Michigan State racing team is ‘full-time go’

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East Lansing has a hidden need for speed.

One of the few signs on campus of Michigan State’s Formula Racing team is the small trailer tucked behind Snyder-Phillips Hall.

But once you take a closer look, there’s so much more to uncover.

The team’s shop is located on Jolly Road in Okemos, about a 15-minute drive southwest from the heart of MSU’s campus. Every night, the shop is busy, as about 20 people work machining, measuring, cutting, drilling, simulating and more.

Every. Single. Night.

“All the summer is spent designing, all the fall is building, all the spring is testing and and all the summer is racing and overlaps with designing again,” said Paul Sandherr, State Racing’s project manager. “It’s really no days off, full-time go. That’s why we always say this isn’t really a club. It’s more like a sport because of that aspect. You’re always thinking about it. You’re always trying to prepare mentally or physically for these things you have to do.”

Sandherr has been a member of the team since he stepped into campus as a freshman. A half decade later, he said he understands the grind better than anybody.

The sanctioning body of what is now known as Formula SAE began as Mini Indy in 1979, when 11 teams participated in the inaugural event in Houston. Today, it’s one of the largest engineering competitions in the world.

Almost 500 registered teams worldwide compete in at least one of the nine international events held each calendar year. MSU’s team is participating in the major state, national and international competitions this season for the first time in the team’s history.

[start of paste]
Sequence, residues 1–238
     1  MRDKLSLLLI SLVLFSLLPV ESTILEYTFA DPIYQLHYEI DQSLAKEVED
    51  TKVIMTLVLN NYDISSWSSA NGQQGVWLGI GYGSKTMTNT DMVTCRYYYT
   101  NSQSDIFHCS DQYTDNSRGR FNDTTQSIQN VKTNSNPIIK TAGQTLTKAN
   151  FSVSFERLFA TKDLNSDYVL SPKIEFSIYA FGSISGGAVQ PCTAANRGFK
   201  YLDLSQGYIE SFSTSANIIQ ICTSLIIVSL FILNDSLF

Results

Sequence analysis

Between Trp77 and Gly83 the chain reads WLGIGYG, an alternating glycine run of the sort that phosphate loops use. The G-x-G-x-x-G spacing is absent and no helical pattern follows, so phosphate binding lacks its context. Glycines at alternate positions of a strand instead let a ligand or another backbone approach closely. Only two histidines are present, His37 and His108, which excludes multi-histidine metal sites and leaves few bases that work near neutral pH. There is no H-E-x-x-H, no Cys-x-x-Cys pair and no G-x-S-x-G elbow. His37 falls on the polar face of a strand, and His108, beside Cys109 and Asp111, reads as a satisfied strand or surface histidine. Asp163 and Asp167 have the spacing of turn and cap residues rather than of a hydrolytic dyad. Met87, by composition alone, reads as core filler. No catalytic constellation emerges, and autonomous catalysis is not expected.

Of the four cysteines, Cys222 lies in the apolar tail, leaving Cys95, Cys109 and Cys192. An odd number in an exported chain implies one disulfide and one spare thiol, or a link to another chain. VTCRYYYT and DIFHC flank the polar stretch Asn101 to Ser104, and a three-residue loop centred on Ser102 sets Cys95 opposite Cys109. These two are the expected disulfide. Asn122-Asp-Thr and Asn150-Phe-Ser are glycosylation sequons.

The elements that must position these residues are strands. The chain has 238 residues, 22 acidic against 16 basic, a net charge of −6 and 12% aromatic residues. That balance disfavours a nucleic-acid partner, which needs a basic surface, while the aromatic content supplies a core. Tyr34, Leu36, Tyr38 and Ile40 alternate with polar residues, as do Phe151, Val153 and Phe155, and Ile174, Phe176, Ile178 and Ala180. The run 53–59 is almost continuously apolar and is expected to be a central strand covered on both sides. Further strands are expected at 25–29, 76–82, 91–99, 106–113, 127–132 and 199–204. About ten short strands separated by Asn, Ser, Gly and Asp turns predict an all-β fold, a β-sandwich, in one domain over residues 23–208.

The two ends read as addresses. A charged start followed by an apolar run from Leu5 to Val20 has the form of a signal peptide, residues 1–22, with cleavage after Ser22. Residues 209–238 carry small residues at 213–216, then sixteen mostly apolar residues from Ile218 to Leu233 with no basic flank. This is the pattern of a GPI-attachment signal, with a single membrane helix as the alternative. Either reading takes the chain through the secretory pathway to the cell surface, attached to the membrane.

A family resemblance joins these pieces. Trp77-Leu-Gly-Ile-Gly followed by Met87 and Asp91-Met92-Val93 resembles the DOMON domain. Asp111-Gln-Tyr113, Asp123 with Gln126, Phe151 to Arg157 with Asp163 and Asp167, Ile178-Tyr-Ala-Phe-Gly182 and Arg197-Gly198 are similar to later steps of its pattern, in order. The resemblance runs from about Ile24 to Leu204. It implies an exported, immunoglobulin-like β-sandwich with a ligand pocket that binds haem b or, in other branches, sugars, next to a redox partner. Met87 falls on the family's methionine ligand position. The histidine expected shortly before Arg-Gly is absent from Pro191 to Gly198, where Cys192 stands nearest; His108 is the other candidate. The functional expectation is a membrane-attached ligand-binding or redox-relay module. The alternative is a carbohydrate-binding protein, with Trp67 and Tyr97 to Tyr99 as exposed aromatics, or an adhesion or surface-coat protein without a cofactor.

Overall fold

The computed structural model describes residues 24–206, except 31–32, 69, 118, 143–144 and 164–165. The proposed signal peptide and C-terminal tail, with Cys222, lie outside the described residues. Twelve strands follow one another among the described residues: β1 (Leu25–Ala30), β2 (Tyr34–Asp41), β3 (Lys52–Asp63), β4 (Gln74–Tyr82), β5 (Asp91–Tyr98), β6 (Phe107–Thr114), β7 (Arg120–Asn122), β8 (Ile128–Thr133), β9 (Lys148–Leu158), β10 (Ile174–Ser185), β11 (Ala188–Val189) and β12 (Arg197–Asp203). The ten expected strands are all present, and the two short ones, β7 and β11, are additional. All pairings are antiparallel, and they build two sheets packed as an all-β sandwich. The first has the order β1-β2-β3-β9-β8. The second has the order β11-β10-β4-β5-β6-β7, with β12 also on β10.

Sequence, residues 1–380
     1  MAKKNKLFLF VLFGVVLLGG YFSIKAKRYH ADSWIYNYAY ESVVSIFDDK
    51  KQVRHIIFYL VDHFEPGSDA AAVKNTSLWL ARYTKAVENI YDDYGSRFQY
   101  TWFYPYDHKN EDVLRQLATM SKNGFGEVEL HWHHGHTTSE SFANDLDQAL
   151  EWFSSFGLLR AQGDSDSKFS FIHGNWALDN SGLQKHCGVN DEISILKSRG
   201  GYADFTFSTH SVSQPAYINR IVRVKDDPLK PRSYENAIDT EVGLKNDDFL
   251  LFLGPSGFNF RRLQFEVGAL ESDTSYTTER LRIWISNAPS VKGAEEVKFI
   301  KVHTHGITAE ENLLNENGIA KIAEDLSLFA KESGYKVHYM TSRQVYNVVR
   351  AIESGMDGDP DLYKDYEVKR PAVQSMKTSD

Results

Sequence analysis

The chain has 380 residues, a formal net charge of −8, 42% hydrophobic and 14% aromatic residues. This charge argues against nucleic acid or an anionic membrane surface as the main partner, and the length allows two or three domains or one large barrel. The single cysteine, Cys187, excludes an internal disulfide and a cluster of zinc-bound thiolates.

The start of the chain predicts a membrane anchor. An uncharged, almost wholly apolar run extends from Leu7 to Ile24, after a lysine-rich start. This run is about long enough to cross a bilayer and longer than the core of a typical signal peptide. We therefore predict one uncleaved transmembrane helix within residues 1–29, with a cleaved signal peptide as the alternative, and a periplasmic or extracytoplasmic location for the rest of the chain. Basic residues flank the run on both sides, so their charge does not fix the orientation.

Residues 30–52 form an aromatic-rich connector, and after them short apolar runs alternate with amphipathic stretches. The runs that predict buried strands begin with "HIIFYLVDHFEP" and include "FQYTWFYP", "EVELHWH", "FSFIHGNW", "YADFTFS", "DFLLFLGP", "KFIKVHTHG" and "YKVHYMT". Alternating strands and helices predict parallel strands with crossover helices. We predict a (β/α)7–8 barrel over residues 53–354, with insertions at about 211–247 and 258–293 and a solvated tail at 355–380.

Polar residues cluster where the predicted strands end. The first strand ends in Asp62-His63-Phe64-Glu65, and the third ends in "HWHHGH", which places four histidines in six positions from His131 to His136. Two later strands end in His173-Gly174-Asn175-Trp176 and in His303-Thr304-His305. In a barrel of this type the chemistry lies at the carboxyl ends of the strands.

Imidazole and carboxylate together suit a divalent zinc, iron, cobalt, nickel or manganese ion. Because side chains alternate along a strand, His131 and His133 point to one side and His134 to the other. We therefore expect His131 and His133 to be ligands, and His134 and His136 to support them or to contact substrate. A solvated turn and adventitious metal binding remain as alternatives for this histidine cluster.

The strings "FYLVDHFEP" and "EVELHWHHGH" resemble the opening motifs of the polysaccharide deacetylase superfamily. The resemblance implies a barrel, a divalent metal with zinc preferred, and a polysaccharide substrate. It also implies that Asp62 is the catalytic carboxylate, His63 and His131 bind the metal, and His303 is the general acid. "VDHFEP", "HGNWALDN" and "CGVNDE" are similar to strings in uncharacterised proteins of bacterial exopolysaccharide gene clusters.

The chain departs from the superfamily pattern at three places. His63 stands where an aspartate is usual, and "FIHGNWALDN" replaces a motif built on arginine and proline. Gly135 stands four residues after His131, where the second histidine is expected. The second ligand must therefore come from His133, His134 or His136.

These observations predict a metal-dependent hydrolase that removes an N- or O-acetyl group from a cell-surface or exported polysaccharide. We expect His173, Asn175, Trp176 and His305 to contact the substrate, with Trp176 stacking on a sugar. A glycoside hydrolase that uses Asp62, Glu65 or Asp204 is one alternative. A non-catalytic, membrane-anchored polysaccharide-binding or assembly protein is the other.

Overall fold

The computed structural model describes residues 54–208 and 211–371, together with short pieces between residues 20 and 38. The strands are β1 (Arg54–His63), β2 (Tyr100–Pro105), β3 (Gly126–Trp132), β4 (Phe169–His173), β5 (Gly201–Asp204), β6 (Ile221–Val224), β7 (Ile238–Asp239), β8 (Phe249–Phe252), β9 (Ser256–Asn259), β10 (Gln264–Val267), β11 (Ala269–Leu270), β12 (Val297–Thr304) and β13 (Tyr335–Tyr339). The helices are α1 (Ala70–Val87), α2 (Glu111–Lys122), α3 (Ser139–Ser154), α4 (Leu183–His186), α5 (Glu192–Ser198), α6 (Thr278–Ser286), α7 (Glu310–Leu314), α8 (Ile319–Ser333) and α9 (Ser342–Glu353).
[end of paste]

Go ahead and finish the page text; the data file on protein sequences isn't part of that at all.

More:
Formula SAE Michigan, held in Brooklyn at Michigan International Speedway, the state competition, will take place in May. Formula SAE Lincoln in Nebraska, the national competition, will take place in June and Formula Student Germany at Hockenheimring will take place in August.

“I’m really excited,” Sandherr said about the team’s inaugural trip to Germany. “It’s going to be a great opportunity for everyone. I’m really pumped I get to go over there with everybody on my team to see that car compete over there at the Hockenheimring. It’s basically about getting the money in, getting the ducks in a row.”

The team will need to create a custom tool crate to ship all the necessary tools to Europe, as well as break down the race car into multiple pieces to be reassembled once in Germany.

“We fall under an umbrella that’s giant,” Sandherr said. “It’s a design competition, it’s an engineering competition, and it’s a racing competition. We start out in the summer. We’re designing, we’re all on the computers trying to build the cars on the simulation and on the CAD software, trying to lighten everything from the year before make everything faster. And then when we get into the manufacturing process, which is around late fall, after we get all the new members and new recruits in, we start making all the parts.

“So it turns into a manufacturing competition where we’re trying to beat the clock and get everything made well and on time. By the time we get it all put together, it’s testing. We’re out there, driving the car, making sure everything is OK. When we get to the competition, that’s when race mode starts. That’s when you start thinking about your racing strategies, racing lines, how good your drivers is in the car. It comes down to a lot of things all in one.”